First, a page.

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Does the ACAS Code apply to SOSR?


Does the ACAS Code apply to SOSR?

Two recent rulings of the Employment Appeal Tribunal (EAT) have clarified the application of the Acas Code of Practice on Disciplinary and Grievance Procedures, by confirming it does not apply to genuine ill-health dismissals or dismissals for “some other substantial reason” (SOSR) due to a breakdown in the working …

What does SOSR mean in HR?

Some other substantial reason (SOSR) is a broad term an employer may use to apply to a dismissal that does not neatly fit into one of the other justifications.

What is an SOSR dismissal?

What does SOSR mean? SOSR is basically a catch-all, acknowledging that there may occasionally be reasons why it is justifiable and necessary to dismiss an employee in circumstances which don’t fit neatly under one of the other potentially fair categories.

Can I be sacked without a written warning UK?

“Can I be sacked without a written warning (UK)?” It’s a common question from employees—and the answer is yes. For employers, summary dismissal is where a staff member departs from a business due to an act of gross misconduct. Displaying that you do have fair reasons for the dismissal.

Can you appeal SOSR dismissal?

An employee has no statutory right to appeal against an SOSR dismissal. However, you should still give the employee an opportunity to appeal as part of an overall fair dismissal procedure.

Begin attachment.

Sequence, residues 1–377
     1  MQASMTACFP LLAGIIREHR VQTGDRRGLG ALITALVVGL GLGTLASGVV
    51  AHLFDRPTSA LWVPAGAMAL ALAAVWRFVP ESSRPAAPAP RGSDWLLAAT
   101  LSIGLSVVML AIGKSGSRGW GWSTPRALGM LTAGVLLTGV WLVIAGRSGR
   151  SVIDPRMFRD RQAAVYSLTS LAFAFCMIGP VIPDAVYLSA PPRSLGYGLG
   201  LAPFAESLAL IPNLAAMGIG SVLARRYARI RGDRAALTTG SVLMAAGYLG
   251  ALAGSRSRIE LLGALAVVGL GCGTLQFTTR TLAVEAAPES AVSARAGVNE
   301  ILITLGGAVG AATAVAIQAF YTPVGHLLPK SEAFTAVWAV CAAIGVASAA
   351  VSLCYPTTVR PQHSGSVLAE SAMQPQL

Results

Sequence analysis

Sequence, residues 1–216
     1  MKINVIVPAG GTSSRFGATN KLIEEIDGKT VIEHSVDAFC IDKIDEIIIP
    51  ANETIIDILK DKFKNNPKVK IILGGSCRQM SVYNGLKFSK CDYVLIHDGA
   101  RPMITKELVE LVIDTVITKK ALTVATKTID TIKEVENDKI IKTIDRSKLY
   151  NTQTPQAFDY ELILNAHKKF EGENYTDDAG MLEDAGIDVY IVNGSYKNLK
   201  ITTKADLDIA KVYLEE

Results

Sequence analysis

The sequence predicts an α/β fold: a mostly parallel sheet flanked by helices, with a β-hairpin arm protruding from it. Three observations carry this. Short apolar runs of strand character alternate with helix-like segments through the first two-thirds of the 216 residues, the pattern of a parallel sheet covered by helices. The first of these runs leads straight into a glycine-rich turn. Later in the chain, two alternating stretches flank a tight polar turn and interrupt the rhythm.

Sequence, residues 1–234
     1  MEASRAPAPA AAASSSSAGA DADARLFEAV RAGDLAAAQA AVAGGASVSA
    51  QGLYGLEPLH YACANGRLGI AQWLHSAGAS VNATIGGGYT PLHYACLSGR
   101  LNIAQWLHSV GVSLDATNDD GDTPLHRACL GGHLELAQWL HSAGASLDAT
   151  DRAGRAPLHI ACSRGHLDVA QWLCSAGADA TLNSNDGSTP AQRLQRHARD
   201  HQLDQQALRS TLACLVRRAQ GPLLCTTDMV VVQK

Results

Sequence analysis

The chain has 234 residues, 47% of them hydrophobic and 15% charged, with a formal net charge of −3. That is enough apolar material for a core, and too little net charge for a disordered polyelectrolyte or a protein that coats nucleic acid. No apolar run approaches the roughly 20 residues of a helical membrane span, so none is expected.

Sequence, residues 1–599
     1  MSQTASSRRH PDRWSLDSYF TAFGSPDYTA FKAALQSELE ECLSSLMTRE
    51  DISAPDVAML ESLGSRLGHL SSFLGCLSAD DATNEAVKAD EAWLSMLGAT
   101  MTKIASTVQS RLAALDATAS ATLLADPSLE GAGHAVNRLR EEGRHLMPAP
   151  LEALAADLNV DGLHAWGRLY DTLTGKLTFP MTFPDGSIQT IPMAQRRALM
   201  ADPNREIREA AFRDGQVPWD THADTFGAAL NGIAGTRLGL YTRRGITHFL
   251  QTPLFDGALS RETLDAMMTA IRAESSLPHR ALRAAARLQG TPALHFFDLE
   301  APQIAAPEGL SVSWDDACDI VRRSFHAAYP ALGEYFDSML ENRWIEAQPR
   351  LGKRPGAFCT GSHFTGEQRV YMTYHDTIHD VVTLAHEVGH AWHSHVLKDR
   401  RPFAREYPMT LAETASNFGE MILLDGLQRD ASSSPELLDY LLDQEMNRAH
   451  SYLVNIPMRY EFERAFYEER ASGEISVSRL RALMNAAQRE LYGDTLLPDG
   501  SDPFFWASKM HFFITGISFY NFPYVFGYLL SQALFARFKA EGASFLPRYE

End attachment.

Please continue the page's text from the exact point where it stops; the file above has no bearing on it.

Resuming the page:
Can you appeal SOSR?

The Employment Appeal Tribunal has ruled that an employee who was sacked due to concerns about his immigration status should have been given a right of appeal.

Is SOSR dismissal with notice?

Whatever the circumstances, an SOSR dismissal should always be on notice (or pay in lieu of notice – it will have to be pay in lieu of notice in suspected illegal working cases), whichever is the greater of the contractual notice period or the statutory minimum notice period.

Is it better to resign before being dismissed UK?

It’s theoretically better for your reputation if you resign because it makes it look like the decision was yours and not your company’s. However, if you leave voluntarily, you may not be entitled to the type of unemployment compensation you might be able to receive if you were fired.

Can you get sacked for slagging off your boss UK?

At the heart of the relationship between employer and employee is the duty of mutual trust and confidence. Therefore, if you make disparaging remarks about your employer, you could face disciplinary action or even find yourself dismissed for a serious breach.

Can you appeal an SOSR dismissal?

You don’t need to amend your documents. As granting a right of appeal against dismissal is part of an overall fair dismissal procedure in most cases, our Confirmation of Dismissal for Some Other Substantial Reason grants the employee a right of appeal in all SOSR dismissal situations.

Why did ACAS Code not apply in SOSR case?

The tribunal had not expressly ruled whether or not the Code applied to a dismissal for SOSR, but decided that it should not be applied in this case since L had contributed to his own dismissal. The EAT considered that, despite his behaviour, it was not L’s fault that the ACAS Code had not been followed.

Why was SOSR used as a reason for dismissal?

The employer relied on SOSR for the reason of dismissal. The tribunal found that SOSR had been established.

What does some other substantial reason or SOSR mean?

Some other substantial reason or SOSR is a potentially fair reason to dismiss an employee and as you can probably tell by the words ‘some other’ it is designed to cover those scenarios that may not already be covered by the other 4 potentially fair reasons (conduct, capability, redundancy and illegality).

How does the ACAS Code apply to redundancy dismissal?

The ACAS Code does not apply to redundancy dismissals or the non-renewal of fixed term contracts. The ACAS Code sets out six elements to a disciplinary or grievance process: Employers and employees should raise and deal with issues promptly and should not unreasonably delay meetings, decisions or confirmation of those decisions;